With the recorded pure symptoms elicited through the ‘proving’ one can treat a disease with similar symptoms with certainty.  Any other method cannot claim such certainty.


With what care and circumspection HAHNEMANN scrutinised the Medicine of his times and undertook upon himself to find a new therapeutics and how he went about his search, may be learnt form his writings!


  ‘‘In this investigation I found the way to the truth, but I had to tread it alone, very far from the common  highway of medical  routine.  The farther I advanced from truth to truth, the more my conclusions (none of which I accepted unless confirmed by experience) led me away from the old edifice, which, being built up of opinions, was only maintained by opinions.” (HAHNEMANN)3. 


  “..... I had conscientious scruples about treating unknown morbid states in my suffering fellow creatures with these unknown medicines, which being powerful substances, may if they were not exactly suitable (and how could the physician know whether they were suitable or not seeing that their peculiar special actions were not yet elucidated) easily changes life into death, or produce severe affections and chronic ailments which are often much more difficult to remove than the original disease.  To become in this way a murderer, or aggravator of the sufferings of my brethren of mankind, was to me a fearful thought, - so fearful and distressing was it, that shortly after my marriage I completely abandoned practice and scarcely treated any one for fear of doing harm and - as you know - occupied myself solely with chemistry and literary labours.


“ But children were born to me, several children, and in course of time serious diseases occurred, which, because they afflicted and endangered the lives of my children - my flesh and blood - caused my conscience to reproach me still more loudly, that I had no means on which I could rely for affording them relief.


“But where could I obtain aid, certain, positive aid, ..... where shall I look for aid, sure aid  .....?


“.... there must be a way .... whereby diseases may be seen in the right point of view, and cured with certainty, a way not hidden in endless abstractions and fantastic speculations!” (HAHNEMANN)6


And so instead of speculations, a ‘certain’ healing:

HAHNEMANN did not just sit and reflect.  But he did something. With his self experiment with the Peruvian bark in 1790, HAHNEMANN could conclude with certainty that the method by which one can apriori know which medicine would cure which disease state has been found at last.  This is a truly great discovery in the history of Medicine. (STAPF)7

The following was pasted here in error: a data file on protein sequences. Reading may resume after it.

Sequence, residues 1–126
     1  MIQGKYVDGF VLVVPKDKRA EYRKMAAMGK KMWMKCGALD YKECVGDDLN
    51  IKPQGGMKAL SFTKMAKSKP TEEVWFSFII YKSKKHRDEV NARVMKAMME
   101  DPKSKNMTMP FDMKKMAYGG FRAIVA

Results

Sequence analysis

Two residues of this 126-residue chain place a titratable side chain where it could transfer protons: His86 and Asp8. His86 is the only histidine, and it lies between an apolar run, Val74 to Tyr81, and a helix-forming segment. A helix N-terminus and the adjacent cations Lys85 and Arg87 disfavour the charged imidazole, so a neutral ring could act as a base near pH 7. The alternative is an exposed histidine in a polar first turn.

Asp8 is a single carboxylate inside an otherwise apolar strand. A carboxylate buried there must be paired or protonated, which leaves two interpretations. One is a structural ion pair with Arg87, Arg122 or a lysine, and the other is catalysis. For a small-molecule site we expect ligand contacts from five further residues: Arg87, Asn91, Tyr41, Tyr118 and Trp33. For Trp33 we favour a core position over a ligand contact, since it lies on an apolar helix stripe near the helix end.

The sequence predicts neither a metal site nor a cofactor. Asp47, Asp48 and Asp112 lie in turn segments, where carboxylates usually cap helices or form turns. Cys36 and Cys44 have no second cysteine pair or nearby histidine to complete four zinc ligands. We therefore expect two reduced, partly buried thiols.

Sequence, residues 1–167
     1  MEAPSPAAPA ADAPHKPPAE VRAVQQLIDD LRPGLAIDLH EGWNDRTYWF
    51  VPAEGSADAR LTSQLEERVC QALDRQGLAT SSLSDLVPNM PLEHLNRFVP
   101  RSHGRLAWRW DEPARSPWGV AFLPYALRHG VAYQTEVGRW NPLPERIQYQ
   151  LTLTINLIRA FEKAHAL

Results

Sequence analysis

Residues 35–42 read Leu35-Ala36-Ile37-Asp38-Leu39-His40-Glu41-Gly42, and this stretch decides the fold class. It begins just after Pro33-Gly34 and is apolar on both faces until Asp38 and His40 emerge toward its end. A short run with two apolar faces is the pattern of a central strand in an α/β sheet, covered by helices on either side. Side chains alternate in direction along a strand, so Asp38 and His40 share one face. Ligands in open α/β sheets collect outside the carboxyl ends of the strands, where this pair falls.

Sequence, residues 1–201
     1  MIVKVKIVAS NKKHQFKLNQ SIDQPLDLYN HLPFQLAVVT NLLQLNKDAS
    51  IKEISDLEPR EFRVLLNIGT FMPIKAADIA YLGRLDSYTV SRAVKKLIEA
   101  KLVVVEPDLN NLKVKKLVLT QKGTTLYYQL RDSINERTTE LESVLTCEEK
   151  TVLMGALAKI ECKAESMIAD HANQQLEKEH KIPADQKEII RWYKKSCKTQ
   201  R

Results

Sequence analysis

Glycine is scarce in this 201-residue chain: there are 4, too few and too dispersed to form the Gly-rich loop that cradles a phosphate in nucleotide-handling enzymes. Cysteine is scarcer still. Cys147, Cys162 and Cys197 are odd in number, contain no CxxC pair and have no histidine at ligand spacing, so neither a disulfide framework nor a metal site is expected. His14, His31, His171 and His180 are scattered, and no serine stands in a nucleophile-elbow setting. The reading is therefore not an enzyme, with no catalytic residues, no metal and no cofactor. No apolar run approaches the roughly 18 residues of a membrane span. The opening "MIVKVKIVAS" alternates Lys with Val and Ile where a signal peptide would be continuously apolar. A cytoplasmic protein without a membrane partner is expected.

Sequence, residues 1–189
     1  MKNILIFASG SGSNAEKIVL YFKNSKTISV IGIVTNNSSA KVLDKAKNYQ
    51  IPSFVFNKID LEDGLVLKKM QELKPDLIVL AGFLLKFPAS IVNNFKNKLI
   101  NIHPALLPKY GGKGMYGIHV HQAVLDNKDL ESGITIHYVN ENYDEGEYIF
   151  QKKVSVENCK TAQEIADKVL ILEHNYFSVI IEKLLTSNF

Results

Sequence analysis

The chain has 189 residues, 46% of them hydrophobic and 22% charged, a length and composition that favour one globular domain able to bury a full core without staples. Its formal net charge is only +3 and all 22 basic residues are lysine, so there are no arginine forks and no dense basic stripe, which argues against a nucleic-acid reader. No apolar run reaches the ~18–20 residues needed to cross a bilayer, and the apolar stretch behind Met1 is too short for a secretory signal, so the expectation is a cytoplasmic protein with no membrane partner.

Some questions on the Basics:

Homœopathy cannot be experimented with in the manner of the so-called ‘Scientific medicine’.  Homœopathy is a ‘science’ in itself and therefore has to be experimented and applied only according to the rules applicable to it and judged.  “This doctrine appeals not only chiefly but solely to the verdict of experience, “repeat the experiments” it cries out loud, repeat them carefully and accurately, and you will find the doctrine confirmed at every step - and it does what no medical doctrine, no system of physic, no so called therapeutics ever did or could do, it insists upon being “judged by the results.”  (HAHNEMANN)8


And Homœopathy is an aprioric certainty of Healing. HAHNEMANN clarified that Homœopathy “teaches that it is only by the response given by nature when questioned that we can with sure prescience change diseases into health rapidly, gently, and permanently.”  (HAHNEMANN)9


Scientific Medicine - Homœopathy - Curative of Sick Persons:

What is Homœopathy?  It is a scientific medicinal therapy for curable patients.  For this purpose, and to have an apriori knowledge of curability certain requirements must be fulfilled.  These conditions are not however, in line with the conventional old school  Medicine.


Requirements for a Homœopathic Cure:    It is not the clinical knowledge for purposes of a pathological diagnosis in the allopathic Medicine sense that is required.


One must recognize the healthy person so as to know the sick.  Health is the natural existence of men unhindered and unimpaired by the environment while the opposite is the sick.  Sickness is the individual being disabled to attain fulfillment.  The sick is not free.  The sick person  therefore seeks to be made free again.


The First Pre-requisite - the Phenomenon of Morbid:             

And so how to recognize the ‘disease’?  The unprejudiced observer can learn nothing else  but the perceptible sick phenomenon.  These therefore are indicative of the ‘disease’.  The sick patient tells of the peculiar symptoms which bother him (from being free and use his innate potentialities to reach his/her fulfillment); these are carefully listened to and written down by the homœopathic healer.  The healer observes the patient’s expressions, tone, gestures, bearing, etc.  and  notes them down too.  Next, those around the patient - the near and dear - complain about their observations in the patient.  These too are noted down. When all these have been written down in full detail, the totality of the disease has been perceived, in short, the disease phenomenon, that which has to be ‘cured’.